djgordy
1090232.  Mon Aug 18, 2014 2:33 pm Reply with quote

I'll enjoy the taste of strawberries even if you tell me they're not straw.

 
Zziggy
1090241.  Mon Aug 18, 2014 3:49 pm Reply with quote

Oh I can get behind the message of a lot of the quotes, sure, but I tend to feel that whoever really said it might be worth listening to, and is being done a disservice by having their quote misattributed. Also I might be taking it too seriously but I do tend to get annoyed by the idea that possibly people choose someone like Marilyn Monroe because they'd rather listen to something wise if it comes from a pretty blonde sex symbol.

 
djgordy
1090247.  Mon Aug 18, 2014 4:27 pm Reply with quote

The prettiness, blondeness and sex cymbalness of the quoter does not impinge on the profundity (or otherwise) of the quote. Especially if one considers the nonsense that spouts from the mouths of people who are unpretty, non-blonde and anti-cymbal.

 
crissdee
1090253.  Mon Aug 18, 2014 4:43 pm Reply with quote

The one that always grates with me, is where Tony Curtis is alledged to have compared kissing MM to kissing Hitler.

His character in "Some Like it Hot" said just that, but in such a context that it was clear his pants had long since succumbed to combustion and were but a sooty smear around his.......censored before the image took hold!

 
Zziggy
1090255.  Mon Aug 18, 2014 4:53 pm Reply with quote

djgordy wrote:
The prettiness, blondeness and sex cymbalness of the quoter does not impinge on the profundity (or otherwise) of the quote. Especially if one considers the nonsense that spouts from the mouths of people who are unpretty, non-blonde and anti-cymbal.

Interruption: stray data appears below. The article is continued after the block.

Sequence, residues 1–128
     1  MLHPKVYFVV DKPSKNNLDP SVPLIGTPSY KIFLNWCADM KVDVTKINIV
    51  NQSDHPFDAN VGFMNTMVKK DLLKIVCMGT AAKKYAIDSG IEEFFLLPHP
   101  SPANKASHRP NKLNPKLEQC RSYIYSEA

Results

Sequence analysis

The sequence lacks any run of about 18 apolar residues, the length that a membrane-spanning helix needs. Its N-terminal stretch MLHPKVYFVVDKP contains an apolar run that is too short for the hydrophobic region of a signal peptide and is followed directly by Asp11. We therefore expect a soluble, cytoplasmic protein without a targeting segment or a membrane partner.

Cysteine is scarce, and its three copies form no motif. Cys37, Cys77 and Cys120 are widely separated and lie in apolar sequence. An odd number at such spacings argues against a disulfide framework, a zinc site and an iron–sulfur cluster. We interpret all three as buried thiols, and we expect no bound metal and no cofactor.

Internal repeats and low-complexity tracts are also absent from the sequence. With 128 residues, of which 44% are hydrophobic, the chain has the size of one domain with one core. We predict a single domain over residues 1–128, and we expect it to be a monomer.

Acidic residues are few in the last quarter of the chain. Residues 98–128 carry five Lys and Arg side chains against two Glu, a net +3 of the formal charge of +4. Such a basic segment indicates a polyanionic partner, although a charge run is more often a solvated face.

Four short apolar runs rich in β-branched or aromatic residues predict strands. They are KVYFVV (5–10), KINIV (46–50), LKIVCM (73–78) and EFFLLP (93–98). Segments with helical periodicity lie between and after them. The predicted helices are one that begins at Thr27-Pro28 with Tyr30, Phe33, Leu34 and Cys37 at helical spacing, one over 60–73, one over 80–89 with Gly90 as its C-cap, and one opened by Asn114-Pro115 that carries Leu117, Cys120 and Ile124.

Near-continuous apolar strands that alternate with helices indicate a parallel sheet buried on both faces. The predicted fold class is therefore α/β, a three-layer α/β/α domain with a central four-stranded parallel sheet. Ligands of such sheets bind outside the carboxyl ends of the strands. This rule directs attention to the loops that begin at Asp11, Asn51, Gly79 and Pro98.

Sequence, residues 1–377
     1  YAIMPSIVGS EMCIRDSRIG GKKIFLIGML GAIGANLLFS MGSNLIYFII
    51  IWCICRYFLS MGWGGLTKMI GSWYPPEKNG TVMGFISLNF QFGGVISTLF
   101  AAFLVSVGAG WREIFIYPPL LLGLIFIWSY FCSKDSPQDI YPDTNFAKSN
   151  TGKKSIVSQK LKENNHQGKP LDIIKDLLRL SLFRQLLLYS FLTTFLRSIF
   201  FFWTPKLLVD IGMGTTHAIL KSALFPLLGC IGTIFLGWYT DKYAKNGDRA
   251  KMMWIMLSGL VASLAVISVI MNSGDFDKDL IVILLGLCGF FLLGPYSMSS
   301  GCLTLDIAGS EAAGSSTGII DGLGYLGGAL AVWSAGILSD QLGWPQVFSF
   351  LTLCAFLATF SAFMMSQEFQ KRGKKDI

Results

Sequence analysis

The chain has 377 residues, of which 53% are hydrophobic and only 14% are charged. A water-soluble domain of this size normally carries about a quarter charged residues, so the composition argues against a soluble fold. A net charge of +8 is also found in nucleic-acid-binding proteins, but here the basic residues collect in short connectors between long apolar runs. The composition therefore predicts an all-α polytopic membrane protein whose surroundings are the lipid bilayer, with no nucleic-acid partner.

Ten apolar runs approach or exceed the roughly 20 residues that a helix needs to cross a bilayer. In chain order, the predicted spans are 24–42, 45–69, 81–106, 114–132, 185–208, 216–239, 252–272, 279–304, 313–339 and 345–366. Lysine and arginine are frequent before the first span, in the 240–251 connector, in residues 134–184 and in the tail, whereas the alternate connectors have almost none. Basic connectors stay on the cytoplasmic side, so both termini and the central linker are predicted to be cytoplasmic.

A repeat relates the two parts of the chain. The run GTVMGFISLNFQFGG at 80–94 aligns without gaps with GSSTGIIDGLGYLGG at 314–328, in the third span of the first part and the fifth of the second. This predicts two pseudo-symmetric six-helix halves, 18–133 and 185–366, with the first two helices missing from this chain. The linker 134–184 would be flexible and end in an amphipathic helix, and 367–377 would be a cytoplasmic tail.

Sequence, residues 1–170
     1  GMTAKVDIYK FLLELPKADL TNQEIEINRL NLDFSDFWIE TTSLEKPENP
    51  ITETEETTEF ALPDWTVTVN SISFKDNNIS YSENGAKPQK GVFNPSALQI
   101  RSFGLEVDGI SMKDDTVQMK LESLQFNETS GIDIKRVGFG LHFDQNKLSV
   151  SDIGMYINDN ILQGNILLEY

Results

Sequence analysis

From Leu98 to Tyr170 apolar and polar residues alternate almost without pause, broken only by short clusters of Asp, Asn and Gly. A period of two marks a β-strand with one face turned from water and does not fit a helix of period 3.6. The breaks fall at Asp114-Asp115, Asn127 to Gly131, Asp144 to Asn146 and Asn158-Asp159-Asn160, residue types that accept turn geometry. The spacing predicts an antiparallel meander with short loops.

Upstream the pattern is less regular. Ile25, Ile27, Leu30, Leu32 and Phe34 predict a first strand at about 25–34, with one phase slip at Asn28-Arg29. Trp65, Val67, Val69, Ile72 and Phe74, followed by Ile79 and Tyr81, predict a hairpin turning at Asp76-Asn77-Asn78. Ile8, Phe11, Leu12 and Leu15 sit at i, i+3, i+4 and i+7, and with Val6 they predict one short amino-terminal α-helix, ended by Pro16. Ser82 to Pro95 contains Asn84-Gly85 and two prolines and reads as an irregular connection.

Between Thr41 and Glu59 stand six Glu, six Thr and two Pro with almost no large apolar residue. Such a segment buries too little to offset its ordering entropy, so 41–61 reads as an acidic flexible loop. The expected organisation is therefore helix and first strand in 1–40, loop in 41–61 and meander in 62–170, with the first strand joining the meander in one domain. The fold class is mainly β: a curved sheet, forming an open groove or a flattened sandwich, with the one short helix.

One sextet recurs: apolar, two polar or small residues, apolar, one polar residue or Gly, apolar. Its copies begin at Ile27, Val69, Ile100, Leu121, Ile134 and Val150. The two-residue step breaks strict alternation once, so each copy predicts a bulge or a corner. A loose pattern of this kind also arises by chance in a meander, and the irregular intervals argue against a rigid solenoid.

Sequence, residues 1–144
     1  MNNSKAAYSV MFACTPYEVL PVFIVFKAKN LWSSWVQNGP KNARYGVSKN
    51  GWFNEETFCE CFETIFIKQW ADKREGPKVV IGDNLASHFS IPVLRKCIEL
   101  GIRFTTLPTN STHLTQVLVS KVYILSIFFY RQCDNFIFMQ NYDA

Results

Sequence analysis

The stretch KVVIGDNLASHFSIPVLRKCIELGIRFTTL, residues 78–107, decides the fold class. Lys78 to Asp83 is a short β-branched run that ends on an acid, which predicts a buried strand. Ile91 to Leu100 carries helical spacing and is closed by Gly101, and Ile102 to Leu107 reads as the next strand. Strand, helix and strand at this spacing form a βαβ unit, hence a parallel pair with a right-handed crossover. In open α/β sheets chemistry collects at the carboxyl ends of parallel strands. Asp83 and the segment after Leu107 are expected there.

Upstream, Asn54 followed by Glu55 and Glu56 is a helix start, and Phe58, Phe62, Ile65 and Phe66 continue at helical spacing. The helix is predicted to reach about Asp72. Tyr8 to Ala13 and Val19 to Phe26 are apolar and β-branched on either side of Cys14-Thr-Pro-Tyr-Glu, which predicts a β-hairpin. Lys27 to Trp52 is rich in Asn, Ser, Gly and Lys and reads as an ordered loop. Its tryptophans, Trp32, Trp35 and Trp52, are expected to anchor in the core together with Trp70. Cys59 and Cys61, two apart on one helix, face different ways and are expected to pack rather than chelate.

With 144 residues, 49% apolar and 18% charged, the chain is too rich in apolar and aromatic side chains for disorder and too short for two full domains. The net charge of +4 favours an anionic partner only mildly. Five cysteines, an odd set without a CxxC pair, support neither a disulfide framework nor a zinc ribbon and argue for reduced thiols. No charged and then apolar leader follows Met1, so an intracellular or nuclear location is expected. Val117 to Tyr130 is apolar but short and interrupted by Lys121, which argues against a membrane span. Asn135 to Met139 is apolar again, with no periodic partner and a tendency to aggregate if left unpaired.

What? I only mean when quotes are misattributed. Not legitimate quotes. Was that the issue?

PS *symbol :P

 
suze
1090257.  Mon Aug 18, 2014 5:22 pm Reply with quote

gruff5 wrote:
There's the Voltaire one about defending to the death someone's right to say something, even if not agreed with. Said by the character of Voltaire in a play, not by Voltaire himself.


In fact, those very words appear in no work of Voltaire's. In his Traité sur la tolérance (1763) he did express an opinion along those lines but phrased it differently.

The wording which we all know comes from a work of 1906 called The Friends of Voltaire, published under the name S G Tallentyre although this was a pseudonym. This is an unusually structured work in ten sections, each of which is a fictionalized biography of one of Voltaire's friends. In the section about the philosopher Helvétius, there is an anecdote about an omelette which is reported to have led Voltaire to utter the famous words.

The attribution to Voltaire was first published in Reader's Digest (Jun 1934), but the woman who had written as Tallentyre - by now writing under her own name as Evelyn Hall - pointed out the error in a letter published in Saturday Review a few months later.

 
djgordy
1090300.  Tue Aug 19, 2014 4:45 am Reply with quote

Zziggy wrote:
djgordy wrote:
The prettiness, blondeness and sex cymbalness of the quoter does not impinge on the profundity (or otherwise) of the quote. Especially if one considers the nonsense that spouts from the mouths of people who are unpretty, non-blonde and anti-cymbal.

What? I only mean when quotes are misattributed. Not legitimate quotes. Was that the issue?

PS *symbol :P


https://www.youtube.com/watch?v=ks3hDBefQs4